Train engineer involved in Hoboken’s fatal crash returns to work

Restricted to working on non passenger trains

  1 / 2 
Hoboken terminal is still undergoing construction to repair the damage.
  2 / 2 
More than 100 people were injured and one woman was killed in the 2016 Hoboken train crash.
×
  1 / 2 
Hoboken terminal is still undergoing construction to repair the damage.
  2 / 2 
More than 100 people were injured and one woman was killed in the 2016 Hoboken train crash.

Nearly three years after a commuter train crashed into a platform at the Hoboken terminal, killing a young mother who had just dropped her daughter at daycare, the train engineer who caused the accident will return to work.

The engineer, Thomas Gallagher who was driving the train at the time of the fatal crash, was suspended and fired in 2018 following an investigation by the National Transportation Safety Board.

Gallagher won his arbitration case on Aug. 28, allowing him to return to work at NJ Transit, although he will not be driving passengers.

“While NJ TRANSIT opposed the reinstatement of Mr. Gallagher, we are required to comply with the legal decision made by the arbitrator,” said Chief of Communications and Public Information Nancy Snyder. “Under provisions clearly defined in that decision, NJ TRANSIT can and will restrict his duty to non-passenger trains. In addition, the decision lays out rigorous testing and compliance that Mr. Gallagher must adhere to, including training and re-certification for operating a locomotive as well as strict medical oversight.  NJ TRANSIT will be strictly enforcing compliance in all of these areas.”

The crash

On Sept. 29, 2016, at around 8:45 a.m., a NJ Transit train from the suburbs failed to slow down as it entered the Erie Lackawanna Train Terminal in southern Hoboken and crashed into the concrete platform at the end of the line.

The collision injured more than 100 people and killed Fabiola Bittar de Kroon of Hoboken, 34, who was hit by debris on her way to work.

Gallagher of Morris Plains, who worked for NJ Transit for 29 years, said at the time that he did not remember the moment of impact, but that the train was going 10 miles per hour (the speed limit) when it entered the terminal.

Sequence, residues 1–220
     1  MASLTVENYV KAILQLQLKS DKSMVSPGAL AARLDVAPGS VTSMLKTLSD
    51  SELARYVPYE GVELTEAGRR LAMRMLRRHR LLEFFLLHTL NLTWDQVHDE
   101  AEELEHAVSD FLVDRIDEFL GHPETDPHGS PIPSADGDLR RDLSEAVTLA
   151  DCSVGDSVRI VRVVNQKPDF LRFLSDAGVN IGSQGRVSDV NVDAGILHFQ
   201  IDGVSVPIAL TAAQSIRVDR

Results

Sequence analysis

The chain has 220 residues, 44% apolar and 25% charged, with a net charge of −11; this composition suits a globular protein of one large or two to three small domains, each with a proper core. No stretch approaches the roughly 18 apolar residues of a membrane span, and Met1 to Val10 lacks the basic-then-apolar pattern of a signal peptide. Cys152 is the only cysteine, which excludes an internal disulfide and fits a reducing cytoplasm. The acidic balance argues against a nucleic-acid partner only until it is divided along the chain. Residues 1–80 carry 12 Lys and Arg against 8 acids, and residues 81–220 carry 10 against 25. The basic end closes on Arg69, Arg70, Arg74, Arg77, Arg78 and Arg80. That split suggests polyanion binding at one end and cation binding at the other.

The NTSB found that the train was traveling at 21 m.p.h., 11 m.p.h. over the 10 m.p.h. speed limit.

“Just prior to the collision, the event recorder indicated that the throttle position went from number 4 to idle. Engineer-induced emergency braking occurred less than 1 second before the collision with the bumping post.”

According to interview transcripts from the National Transportation Safety Board investigation, a “concerned citizen,” Kenneth Kassner, describes a phone conversation he had with Gallagher in which Kassner said Gallagher allegedly told him he was upset the day of the crash, and wasn’t paying attention.

Since then, Gallagher has been diagnosed with sleep apnea, a condition during which a person has frequent pauses in breathing or shallow breathing and numerous moments of waking during sleep, according to the National Health Institute. The condition may leave a sufferer feeling fatigued during the day.

According to the NTSB, this fatigue caused the crash, adding that NJ Transit failed to adequately screen and treat employees for sleep apnea.

Gallagher had passed a health screening just three months prior to the incident.

Safety improvements

Hoboken has not fully recovered from the Sept. 29, 2016 crash. The terminal is still undergoing construction to repair the damage.

NJ Transit has instituted several safety improvements since the crash, including continuing to install PTC (Positive Train Control), a set of highly advanced programs designed to make rail transportation safer by automatically stopping a train if the engineer does not take appropriate actions.

NJ Transit has a federally mandated deadline of December 2020 to complete PTC installation, after it received a two-year extension.

It is estimated to cost NJ Transit more than $320 million.

Since the crash, NJ Transit has mandated sleep apnea testing for engineers and conductors, decreased the speed limit entering the terminal, and mandated a conductor ride in the cab with the engineer as a safety precaution.

For updates on this and other stories keep checking www.hudsonreporter.com and follow us on Twitter @hudson_reporter. Marilyn Baer can be reached at Marilynb@hudsonreporter.com.